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Mr. Mercanto

Civil War Tester
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Everything posted by Mr. Mercanto

  1. Oh, and thanks for shutting one of his posts down. I don't really indulge him anymore, but it was refreshing to see another voice telling him how silly his arguments are.
  2. Basically 1st Vermont barged into the forum last year to spread a bunch of Neo-Confederate nonsense using methods that were focused tested to be as pedantic as possible. I put him down...a lot; and he became a bit obssessed with me. It was weird, it was hilarious, and all of us except 1st Vermont learned a lot . Eventually @Koro just banned him, closing out the epic saga. One of the results was this thread. I wanted to create a thread where people could ask (mostly) serious questions about the war, and those of us who with the knowledge could share our answers, or ask one another follow up
  3. This is a solid question, though if you dig into this forum I've answered it a few times. I don't mind answering again, but it'll be the abridged version ;). Basically the question that caused secession was the extension of slavery to new Western States. The slave states feared that restriction of this extension would lead to the economic collapse of slavery (and it was indeed meant to). Pro-slavery partisans argued that the Federal government must protect the property rights of each State citizen based upon the state laws of their origins. Erego, if a slave owner brought their sl
  4. While I suppose that plagiarism is the norm at the University of Secession Bias (or USB for short), we usually tend to give a warning, then a suspension or a failing grade. I think 1st Vermon-err "Hannibalbarca" deserves both.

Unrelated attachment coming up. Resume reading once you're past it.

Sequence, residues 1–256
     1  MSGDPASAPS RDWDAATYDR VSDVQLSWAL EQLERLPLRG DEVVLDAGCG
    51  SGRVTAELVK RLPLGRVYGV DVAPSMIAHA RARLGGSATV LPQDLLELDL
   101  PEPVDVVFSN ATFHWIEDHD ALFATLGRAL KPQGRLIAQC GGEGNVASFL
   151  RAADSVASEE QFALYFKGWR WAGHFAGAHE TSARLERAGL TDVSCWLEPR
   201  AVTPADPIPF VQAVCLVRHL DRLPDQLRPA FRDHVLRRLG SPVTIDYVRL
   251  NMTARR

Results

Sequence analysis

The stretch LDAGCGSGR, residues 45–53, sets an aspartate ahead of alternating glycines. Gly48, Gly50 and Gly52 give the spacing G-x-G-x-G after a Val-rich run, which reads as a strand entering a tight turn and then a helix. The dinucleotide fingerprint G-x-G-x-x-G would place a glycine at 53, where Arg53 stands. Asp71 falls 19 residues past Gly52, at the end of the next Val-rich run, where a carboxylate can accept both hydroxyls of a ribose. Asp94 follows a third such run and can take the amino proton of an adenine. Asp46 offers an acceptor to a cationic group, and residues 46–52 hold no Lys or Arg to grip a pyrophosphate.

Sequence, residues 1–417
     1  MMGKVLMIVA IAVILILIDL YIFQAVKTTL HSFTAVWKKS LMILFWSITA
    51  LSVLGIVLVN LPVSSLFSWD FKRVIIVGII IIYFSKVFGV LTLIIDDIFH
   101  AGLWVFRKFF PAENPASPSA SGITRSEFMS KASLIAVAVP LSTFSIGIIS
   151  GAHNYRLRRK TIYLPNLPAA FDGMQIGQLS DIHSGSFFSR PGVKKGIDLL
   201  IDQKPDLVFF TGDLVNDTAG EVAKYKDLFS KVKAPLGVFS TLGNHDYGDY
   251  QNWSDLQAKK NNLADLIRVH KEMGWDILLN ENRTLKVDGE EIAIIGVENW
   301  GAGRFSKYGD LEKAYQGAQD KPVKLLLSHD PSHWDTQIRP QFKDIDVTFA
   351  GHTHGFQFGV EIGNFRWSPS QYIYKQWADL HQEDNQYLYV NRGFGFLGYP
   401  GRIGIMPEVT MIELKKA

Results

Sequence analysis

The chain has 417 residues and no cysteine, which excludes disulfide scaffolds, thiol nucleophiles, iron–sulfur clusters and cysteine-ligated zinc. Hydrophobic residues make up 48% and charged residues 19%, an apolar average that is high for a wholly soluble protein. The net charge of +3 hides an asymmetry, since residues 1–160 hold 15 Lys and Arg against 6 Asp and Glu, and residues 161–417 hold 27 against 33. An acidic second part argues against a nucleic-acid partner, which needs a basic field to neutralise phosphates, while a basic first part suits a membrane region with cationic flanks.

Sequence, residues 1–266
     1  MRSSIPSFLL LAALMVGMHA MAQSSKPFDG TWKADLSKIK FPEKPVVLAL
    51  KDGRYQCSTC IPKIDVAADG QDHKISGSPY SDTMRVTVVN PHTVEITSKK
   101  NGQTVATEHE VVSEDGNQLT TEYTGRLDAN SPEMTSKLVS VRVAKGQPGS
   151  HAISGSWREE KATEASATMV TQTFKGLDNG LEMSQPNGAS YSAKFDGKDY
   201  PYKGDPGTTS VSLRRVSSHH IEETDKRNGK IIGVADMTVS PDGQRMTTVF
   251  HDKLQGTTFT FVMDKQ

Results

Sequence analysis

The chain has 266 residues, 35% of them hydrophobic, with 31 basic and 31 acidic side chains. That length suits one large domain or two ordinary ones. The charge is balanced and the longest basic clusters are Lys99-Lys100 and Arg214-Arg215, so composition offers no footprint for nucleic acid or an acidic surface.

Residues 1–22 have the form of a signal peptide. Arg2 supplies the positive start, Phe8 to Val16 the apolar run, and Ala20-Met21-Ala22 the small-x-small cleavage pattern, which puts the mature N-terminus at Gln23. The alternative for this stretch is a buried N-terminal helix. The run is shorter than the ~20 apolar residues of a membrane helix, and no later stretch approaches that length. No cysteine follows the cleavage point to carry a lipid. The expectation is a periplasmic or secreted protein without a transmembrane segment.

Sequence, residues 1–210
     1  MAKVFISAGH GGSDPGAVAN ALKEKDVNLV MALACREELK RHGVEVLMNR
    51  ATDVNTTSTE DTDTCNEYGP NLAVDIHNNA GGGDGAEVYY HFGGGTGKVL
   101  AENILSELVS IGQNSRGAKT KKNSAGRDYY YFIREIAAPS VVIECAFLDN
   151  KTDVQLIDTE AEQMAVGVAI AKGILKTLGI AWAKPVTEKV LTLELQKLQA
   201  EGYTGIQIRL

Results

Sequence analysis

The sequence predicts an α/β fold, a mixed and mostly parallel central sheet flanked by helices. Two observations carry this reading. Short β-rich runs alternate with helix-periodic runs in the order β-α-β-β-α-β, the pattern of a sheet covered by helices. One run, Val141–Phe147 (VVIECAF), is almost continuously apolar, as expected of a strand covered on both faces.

5. Hi Corporal Bridge. I'm sorry to be responding so late, I kind of took a break from this forum. Some excellent scholars on the Civil War, focusing on individual experiences... Drew Giplin Faust, Ried Mitchell, Chandra Manning, and Victoria Bynum are great scholars to start with. Manning and Mitchell have wonderful work on soldering and motivation of service "What this Cruel War was Over" (Manning, 2007); "Civil War Soldiers" (Mitchell, 1988). Bynum and Faust have done great work on the homefront. Bynum specializes in work that focuses on the Antebellum and Southern resistance to the
  6. Mark Grimsly's "Hard Hand of War" would take some pretty serious issues with this interpretation. Using census records, Grimsly actually proves that Sherman directed the severity of his campaign against wealthy slave owners and public property, with non-slave owning poor let alone or attacked very little. I also need a citation for this rape statistic, since last I checked there were actually relatively low.At least, rape cases officially recorded. Rape in the Civil War has been heavily re-examined in recent historioraphy, so it is quite possible that this is incorrect, however I
  7. Just to elaborate, that pivotal moment was when the Alabamian brigade of Joseph Wilcox was about to break through the Federal line on Cemetery Ridge. This was the attack essayed by Major General Anderson, following the near success of McClaw's division and the charge of Barksdale. eight companies of the 1st Minnesota, numbering approximately 268 men, were protecting an artillery battery (Biglow's?) and they were the last reserves available to Hancock until reinforcement arrived. As this attack commenced, Ambrose "Rans" Wright's brigade was cresting the Cemetery Hill, and if supported by Mahone